“Where’s your crutch, your wheelchair, your unusual limb?”… All questions that hit the audience right away at Sum Theatre’s 2018 instalment of Theatre in the Park.
In season six, this family friendly theatre company presents Queen Seraphina & The Land of Vertebraat. It’s an epic tale about a time and place where everyone was disabled. A land of golden ramps and quiet spaces that was ruled by kindness alone, until a mysterious stranger arrives. The original story was written by deaf author Adam Pottle and adapted by the Sum Theatre ensemble.
“We tend to see disability through the lens of charity, pity or tragedy, but disability doesn’t have to be that way.”
“We tend to see disability through the lens of charity, pity or tragedy, but disability doesn’t have to be that way. It can be vital, it can be vigorous, it can show us a whole new way of existing in this world,” says Pottle. “I’m deaf and I’ve studied disability and accessibility for more than a decade. The story has come to me over the years and I began thinking about a world in which disability was the norm and being able-bodied, able-minded is different,”
Playwright Adam Pottle had the idea for the story when Sum Theatre commissioned him for Theatre in the Park. (Studio D Photography)
This show features elaborate staging ever as the land of Vertebraat is a series of ramps that Queen Seraphina (Haley Brown,a wheelchair user) navigates the world from. Brown says this is a story she wished she had seen as a kid.
“We believe in the power of theatre and the power of community,” says artistic director Joel Bernbaum. “An essential part of community is inclusion. That’s why we are exploring disability and ability as a way of asking what radical inclusion could mean for all of us.”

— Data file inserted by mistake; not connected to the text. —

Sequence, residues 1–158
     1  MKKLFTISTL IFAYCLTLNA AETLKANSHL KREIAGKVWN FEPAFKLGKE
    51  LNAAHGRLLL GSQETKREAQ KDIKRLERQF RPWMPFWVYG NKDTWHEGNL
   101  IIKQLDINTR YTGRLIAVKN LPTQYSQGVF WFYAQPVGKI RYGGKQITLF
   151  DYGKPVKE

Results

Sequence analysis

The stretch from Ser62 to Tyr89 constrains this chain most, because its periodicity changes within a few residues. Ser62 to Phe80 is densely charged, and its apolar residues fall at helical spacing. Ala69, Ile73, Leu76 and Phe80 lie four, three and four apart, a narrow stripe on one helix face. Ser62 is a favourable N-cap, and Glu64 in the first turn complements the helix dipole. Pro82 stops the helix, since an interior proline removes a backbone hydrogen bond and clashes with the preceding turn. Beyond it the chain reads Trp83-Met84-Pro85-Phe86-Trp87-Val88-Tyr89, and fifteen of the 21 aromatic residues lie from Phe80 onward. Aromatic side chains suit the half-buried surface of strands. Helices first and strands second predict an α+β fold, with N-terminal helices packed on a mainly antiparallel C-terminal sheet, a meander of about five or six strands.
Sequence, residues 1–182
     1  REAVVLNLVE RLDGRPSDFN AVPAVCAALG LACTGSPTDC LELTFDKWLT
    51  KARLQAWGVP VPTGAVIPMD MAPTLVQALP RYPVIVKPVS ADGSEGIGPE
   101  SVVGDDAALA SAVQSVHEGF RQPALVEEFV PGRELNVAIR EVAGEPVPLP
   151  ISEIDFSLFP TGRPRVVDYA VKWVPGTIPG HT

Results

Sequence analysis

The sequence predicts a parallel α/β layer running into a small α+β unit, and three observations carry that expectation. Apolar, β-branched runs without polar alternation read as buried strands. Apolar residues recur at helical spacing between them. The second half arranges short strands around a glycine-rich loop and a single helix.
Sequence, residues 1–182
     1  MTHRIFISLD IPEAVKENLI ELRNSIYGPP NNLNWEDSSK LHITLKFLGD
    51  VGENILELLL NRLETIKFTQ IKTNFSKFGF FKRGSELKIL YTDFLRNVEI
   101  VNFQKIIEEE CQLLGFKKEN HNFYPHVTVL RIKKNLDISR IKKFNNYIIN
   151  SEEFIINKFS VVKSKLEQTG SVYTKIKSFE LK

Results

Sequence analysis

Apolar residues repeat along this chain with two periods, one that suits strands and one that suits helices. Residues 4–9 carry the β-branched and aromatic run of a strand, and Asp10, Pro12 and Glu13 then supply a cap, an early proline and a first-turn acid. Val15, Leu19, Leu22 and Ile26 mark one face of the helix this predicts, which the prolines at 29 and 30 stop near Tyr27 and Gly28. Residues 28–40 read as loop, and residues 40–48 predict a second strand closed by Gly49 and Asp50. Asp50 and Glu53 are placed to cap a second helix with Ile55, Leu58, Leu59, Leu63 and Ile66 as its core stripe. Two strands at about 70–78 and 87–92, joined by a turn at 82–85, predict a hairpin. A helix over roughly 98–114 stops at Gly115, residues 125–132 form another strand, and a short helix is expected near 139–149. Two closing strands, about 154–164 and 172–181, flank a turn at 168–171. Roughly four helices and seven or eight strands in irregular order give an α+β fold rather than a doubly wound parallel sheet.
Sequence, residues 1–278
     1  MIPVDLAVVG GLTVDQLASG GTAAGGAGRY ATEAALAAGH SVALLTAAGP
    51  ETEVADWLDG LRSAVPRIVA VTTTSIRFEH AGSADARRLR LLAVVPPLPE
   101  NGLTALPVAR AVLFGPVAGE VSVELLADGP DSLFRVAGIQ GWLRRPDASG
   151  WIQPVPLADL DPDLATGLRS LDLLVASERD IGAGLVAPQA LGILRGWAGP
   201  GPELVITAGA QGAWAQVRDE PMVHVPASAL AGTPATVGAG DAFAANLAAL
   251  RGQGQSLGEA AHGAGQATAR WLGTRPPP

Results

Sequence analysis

The all star cast includes Chris Dodd, a Deaf artist and playwright who is the creator of the SOUND OFF: A Deaf Theatre Festival. Michael Martin, who has Erb’s Palsy is an actor currently studying at the U of S. Singer songwriter Josh Palmer will be lending his musical talents to this production as will Indigenous artists Krystle Pederson and Lancelot Knight. This production will also have sign language integrated with our usual original music.
“I hope that families and children leave this show with a new perspective about disability,” says Pottle. “It’s a story for everyone and it gives artists like me a chance to create something outside the regular confines of theatre. After all, you can’t stage wheelchair jousts properly unless they’re outdoors!”
Theatre in the Park 2018 just opened and runs until July 31st. There are Sunday matinees at 2:00p.m. in addition to the regular 7:00p.m. shows. These shows are completely free and travel to a new community park in Saskatoon each day. There’s bound to be a performance in your neighbourhood, for a full schedule go to sumtheatre.com.